Editor’s note: Yusra Murad is a facilitator for Our Wisconsin.
In the middle of March 2016, the University of Wisconsin witnessed to a hate crime pulled straight out of the 1950s — after verbal conflict, a freshman woman of color was shoved and spat on.
The administration expressed immense regret regarding the increasingly tumultuous campus climate surrounding culture, race and intolerance, and students reacted with a combination of fear, anger and mistrust.
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The hate and bias incidents many of us saw in the spring, were the catalyst for the creation of Our Wisconsin, an initiative to train incoming freshmen on cultural competency. Above all, Our Wisconsin aims to encourage students to understand how their own identity impacts their role in society, and to learn to respect their peers regardless of how they choose to identify.
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Since its inauguration, the program has faced a relatively constant stream of pushback. Conservative lawmakers and even professors have time and again expressed frustration that the university is funding a training they see as not only unnecessary, but an offense to free speech.
The second paragraph of the UW mission statement reads: “The university seeks to help students to develop an understanding and appreciation for the complex cultural and physical worlds in which they live and to realize their highest potential of intellectual, physical and human development.”
I would argue spending money on programs to maximize appreciation for the complexity of culture and eliminate the use of hate speech on campus is not a kind gift from the university to marginalized students on campus, but a cold and hard responsibility outlined by the UW System Board of Regents.
UW freshmen are required complete Alcohol Edu and the Tonight Program in order to enroll in courses — the university strongly believes a comprehensive curriculum on both of these issues is critical for success in college, as they should.
Alcohol and rape culture can be devastating forces in a student’s time here. But they are not the only ones.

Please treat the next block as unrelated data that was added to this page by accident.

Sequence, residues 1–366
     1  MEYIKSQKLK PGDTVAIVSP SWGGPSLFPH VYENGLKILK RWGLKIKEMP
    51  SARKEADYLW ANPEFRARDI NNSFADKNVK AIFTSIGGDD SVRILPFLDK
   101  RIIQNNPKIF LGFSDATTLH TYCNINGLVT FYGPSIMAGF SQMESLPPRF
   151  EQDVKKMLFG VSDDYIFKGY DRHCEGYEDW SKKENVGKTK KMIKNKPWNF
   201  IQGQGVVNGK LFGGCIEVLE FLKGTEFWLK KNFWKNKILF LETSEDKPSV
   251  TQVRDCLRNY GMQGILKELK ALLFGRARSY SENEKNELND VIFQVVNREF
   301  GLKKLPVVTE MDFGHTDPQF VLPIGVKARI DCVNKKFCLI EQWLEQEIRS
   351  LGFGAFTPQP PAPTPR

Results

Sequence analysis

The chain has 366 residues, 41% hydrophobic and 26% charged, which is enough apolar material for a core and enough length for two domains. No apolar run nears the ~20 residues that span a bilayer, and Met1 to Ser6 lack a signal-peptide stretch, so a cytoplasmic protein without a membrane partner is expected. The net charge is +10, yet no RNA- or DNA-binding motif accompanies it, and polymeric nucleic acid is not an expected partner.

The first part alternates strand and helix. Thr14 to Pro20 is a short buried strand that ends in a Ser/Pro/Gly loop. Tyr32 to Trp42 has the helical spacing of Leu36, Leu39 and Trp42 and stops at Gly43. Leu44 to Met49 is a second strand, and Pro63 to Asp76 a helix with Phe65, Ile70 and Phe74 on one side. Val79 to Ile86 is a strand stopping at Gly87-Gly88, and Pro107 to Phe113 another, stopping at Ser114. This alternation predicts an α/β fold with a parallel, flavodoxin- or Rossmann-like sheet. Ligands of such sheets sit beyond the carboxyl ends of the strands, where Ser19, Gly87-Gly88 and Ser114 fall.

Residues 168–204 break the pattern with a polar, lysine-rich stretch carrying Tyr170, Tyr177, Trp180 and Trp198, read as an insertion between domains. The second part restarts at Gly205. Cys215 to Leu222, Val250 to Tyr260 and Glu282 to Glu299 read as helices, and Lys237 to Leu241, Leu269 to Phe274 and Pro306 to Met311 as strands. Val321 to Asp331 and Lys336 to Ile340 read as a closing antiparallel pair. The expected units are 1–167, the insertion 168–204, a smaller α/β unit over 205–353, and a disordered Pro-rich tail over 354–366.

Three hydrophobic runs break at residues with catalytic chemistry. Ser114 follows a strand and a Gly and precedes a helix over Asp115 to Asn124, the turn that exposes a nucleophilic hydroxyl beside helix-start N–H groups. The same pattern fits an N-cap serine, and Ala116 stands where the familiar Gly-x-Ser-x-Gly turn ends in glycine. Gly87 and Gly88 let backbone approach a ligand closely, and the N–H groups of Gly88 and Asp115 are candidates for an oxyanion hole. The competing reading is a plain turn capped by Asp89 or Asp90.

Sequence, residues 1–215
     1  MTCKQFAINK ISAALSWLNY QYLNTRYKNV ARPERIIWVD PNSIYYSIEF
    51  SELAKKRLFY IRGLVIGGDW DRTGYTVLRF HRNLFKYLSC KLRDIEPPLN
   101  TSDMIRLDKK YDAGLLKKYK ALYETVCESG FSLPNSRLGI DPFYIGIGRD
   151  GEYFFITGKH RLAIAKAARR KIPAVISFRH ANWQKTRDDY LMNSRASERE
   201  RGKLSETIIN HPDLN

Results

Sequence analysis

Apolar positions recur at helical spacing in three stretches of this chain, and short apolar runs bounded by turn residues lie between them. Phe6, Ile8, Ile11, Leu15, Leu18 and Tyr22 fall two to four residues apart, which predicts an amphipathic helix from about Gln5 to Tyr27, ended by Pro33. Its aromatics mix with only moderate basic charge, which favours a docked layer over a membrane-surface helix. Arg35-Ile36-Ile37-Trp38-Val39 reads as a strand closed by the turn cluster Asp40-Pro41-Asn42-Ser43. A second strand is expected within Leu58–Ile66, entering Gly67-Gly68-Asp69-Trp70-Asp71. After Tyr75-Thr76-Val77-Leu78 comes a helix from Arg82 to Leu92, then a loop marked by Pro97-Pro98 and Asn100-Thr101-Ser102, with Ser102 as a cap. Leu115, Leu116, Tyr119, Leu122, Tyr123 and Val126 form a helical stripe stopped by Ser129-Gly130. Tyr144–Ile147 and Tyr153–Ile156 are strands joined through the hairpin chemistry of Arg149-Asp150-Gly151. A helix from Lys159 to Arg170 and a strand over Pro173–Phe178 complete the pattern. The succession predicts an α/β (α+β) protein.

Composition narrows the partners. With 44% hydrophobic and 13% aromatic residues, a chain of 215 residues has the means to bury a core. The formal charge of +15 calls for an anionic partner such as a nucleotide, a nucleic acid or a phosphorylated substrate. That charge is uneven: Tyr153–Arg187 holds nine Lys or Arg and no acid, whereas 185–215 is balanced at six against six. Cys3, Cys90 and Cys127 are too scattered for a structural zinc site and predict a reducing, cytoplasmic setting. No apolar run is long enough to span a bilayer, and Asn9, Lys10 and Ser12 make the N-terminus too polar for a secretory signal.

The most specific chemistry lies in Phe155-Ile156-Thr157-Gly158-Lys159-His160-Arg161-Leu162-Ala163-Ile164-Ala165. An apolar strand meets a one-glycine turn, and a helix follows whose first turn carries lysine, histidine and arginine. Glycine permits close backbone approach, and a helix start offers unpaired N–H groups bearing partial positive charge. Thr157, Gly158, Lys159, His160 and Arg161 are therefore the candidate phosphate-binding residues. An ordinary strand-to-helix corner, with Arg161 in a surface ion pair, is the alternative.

Intolerance is no less of a force on campus than sexual assault or alcohol abuse. In fact, the three are woven together in an intricate net we all find ourselves tangled in. The rejection of one’s identity may pave the way to drug and alcohol abuse. It is the misunderstanding of gender roles, feminism and misogyny that may lead to sexual violence.
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Training on cultural competency is as crucial to our student body as is training on alcohol or sexual assault, and the benefits of formal workshops on diversity are unending. Too often, students fall into the assumption that diversity is exclusive to racial paradigms, a measure of black and white or a notion that repels many from important conversations they feel they have no say in. Diversity of socioeconomic status, family structure, age, gender and religion among so many others are traditionally ignored. So Our Wisconsin expands this definition.
On a predominantly white campus, the student body is overwhelmingly unaware of how inequity at the group and systematic level impacts their fellow students of color. Again, the ties to alcohol abuse and sexual assault are blindingly clear. Women of color are statistically more likely to be raped — most notably American Indian women, who face a lifetime rate of sexual assault of 34.1 percent as compared to 17.7 percent for white women — and Hispanic and Black Americans have higher rates of binge drinking.
The UW administration can benefit greatly from supporting a program like Our Wisconsin. Encouraging attendance at these sessions or even making them mandatory, leaves no room for freshmen to question whether this is a university genuinely committed to maintaining an atmosphere of acceptance and humanity. In the wake of last semester, eyes across the nation are on UW, and we should feel a prodigious pressure to prove we are better than that, because we are. If asking for a space where everyone feels safe and no one feels obliged to conceal their sexuality, political views, ethnicity or religion, is considered being a whiny millennial, then I’ll whine the night away.
Freshmen, if you’re reading this — you’re right, it’s not mandatory. You could opt to spend those two hours catching up on class readings, taking a walk with your parents or making dinner with friends. But skipping out on this opportunity is denying yourself the chance to engage in the types of conversations many go their whole lives without.
As the program has faced attack from the outside, many of us from the inside have felt forced to explain what Our Wisconsin is not. I will tell you what it is. It is a workshop on acceptance and respect.
There is no lecture on systematic racism in our justice system or Powerpoint presentation on misogyny. It’s a chance for you to connect with your floormates, hear their stories and feel powerful in your own space.
It will make you better. It will make you say, “I never thought about that before” many, many times. It will make you love yourself, filling you with confidence at a time in your life when confidence is hard to come by. It will challenge you in more ways than one.
When you accepted your admittance to UW, you inadvertently made a promise that you would, in the next four years, do something to make the world a better place. Start by making this place a better place.